On Don Sage: He is the best runner that I ever had. At the state meet, and this is fully electronic, he ran 8:42.7 (Editor’s note: He ran 8:42.9 for 3,200 meters) and then he came back and ran 4:07.3. The state record for fully electronic was 8:42.6. The state record in the mile was 4:07.1 (Editor’s note: The state record for the 1,600 meters was 4:07.45. Sage ran 4:07.58). Talk about decisions that affected me. The worst coaching decision I ever  made—because we were trying to win the state track title that year and we had never won one in all of the years that I had been there and we ended up winning it—but I told Donald, “Don’t lead in the two-mile.” There was a kid from West Chicago who went on and ran four years at Wisconsin (Tim Keller). I said, “Don’t lead, Donald, you have to come back and win the mile, we are trying to win the state meet.” Donald runs his last quarter in 58. Keller runs 72. Donald runs 8:42.7. Keller runs 8:56 and looks like a bum. But if I hadn’t told Donald, “Don’t lead” he would have run in the 8:30’s and broken the national record and the state record, but I held him back and he came back and won the mile and we won the state meet with 74 points.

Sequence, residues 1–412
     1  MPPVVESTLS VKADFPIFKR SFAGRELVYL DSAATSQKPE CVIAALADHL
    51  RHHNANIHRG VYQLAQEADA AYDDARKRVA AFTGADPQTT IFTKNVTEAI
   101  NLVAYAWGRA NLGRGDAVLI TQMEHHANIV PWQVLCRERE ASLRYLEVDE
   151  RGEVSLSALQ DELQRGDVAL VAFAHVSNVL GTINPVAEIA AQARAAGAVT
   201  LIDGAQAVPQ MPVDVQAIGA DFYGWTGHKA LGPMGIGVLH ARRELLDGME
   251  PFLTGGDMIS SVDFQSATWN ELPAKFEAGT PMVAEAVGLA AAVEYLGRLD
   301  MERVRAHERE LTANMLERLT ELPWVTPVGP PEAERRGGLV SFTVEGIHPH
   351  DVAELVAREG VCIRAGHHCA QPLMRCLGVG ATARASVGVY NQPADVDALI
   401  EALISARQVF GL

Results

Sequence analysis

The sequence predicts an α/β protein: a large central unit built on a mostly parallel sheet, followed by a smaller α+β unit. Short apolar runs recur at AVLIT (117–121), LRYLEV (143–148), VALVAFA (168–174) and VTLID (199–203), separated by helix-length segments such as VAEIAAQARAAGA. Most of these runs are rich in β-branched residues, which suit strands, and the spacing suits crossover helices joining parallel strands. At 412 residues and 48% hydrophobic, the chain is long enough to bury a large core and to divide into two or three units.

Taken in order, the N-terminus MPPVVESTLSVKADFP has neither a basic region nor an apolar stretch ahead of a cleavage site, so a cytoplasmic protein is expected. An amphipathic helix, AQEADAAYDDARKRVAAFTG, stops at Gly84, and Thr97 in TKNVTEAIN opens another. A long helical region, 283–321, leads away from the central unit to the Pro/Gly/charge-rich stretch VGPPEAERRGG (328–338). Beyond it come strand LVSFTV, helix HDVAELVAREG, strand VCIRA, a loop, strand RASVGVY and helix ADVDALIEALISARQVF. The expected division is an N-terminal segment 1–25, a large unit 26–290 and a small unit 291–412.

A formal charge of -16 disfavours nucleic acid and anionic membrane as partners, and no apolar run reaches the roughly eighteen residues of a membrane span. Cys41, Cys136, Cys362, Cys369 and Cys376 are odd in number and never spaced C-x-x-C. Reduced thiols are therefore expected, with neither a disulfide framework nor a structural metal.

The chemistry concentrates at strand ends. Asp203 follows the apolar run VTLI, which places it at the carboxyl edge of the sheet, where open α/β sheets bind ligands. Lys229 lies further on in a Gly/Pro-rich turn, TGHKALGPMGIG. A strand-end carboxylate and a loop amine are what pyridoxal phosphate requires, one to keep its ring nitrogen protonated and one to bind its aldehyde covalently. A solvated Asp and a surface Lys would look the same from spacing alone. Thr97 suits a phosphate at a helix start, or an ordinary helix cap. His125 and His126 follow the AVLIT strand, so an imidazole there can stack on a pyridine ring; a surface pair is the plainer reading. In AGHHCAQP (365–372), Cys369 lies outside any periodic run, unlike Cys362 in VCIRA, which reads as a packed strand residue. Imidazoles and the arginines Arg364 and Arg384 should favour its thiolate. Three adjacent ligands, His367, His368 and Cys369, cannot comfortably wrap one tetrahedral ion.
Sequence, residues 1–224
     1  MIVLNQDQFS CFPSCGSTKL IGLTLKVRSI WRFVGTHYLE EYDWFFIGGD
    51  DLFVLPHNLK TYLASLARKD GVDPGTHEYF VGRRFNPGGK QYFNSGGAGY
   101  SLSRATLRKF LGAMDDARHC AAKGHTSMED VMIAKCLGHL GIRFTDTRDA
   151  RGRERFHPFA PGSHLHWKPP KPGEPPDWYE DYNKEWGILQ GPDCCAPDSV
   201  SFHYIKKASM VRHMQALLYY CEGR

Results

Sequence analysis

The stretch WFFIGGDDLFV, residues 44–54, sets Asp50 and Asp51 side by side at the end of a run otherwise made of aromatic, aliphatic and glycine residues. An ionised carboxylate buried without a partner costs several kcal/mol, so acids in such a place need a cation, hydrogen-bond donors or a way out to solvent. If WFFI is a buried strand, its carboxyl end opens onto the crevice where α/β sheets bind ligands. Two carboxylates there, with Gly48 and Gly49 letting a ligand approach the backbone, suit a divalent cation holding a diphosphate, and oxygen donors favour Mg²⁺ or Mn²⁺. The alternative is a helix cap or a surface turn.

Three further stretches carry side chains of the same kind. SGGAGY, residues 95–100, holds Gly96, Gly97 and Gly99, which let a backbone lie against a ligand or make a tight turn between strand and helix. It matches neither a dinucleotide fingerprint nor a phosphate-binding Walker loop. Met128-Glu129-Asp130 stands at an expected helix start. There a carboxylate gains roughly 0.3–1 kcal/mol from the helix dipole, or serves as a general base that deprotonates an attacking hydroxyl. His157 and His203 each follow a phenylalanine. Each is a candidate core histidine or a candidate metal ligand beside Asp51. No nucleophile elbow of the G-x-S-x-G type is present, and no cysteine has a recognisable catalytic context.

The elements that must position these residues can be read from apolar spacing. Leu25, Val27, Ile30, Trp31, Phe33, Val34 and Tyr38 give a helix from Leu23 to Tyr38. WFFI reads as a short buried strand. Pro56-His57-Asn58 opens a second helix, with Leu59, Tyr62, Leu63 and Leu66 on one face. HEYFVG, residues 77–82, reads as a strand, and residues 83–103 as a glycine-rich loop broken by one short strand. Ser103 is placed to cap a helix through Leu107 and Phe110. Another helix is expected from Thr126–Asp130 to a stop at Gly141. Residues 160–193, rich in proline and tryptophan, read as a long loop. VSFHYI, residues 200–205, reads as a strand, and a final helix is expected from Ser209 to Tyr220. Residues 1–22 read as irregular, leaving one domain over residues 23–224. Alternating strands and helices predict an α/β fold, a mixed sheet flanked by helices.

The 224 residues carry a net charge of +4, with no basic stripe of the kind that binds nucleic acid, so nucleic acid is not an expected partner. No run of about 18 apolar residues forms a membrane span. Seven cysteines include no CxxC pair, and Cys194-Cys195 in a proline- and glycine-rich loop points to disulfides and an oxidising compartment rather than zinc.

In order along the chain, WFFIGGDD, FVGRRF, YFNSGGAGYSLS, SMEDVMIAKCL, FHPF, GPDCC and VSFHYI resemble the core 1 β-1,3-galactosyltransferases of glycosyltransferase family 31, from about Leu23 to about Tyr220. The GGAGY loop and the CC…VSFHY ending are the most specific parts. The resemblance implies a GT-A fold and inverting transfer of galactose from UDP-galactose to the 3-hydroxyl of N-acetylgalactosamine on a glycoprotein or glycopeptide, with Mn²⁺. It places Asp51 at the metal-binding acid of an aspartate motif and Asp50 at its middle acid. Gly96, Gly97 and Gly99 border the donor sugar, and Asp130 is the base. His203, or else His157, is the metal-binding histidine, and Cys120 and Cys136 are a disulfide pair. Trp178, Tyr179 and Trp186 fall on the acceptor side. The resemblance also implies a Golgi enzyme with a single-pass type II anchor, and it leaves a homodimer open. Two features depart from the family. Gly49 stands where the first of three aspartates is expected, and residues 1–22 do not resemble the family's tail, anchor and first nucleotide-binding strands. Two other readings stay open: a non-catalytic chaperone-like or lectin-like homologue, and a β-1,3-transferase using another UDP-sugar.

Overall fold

At York, when you get second it’s like a funeral. In town, expectations are high. We come back and they say, ‘You only got second? What’s going on?’

Thank god this year we’ve got an old-fashioned York team, eight guys who can run within 15 seconds, under 15 minutes for three miles, so we’ll be in the hunt this year again. 

Parting words: Here’s another thing I learned from reading. Plato, over 2,000 years ago, said, ‘The duty of education—and take that word out and say, ‘the duty of coaching'-- is to make good people,’ because good people act nobly. That’s my goal. I’m trying to make good people that will act nobly and go on to be doctors and lawyers. That’s the story of coaching. It’s more than running.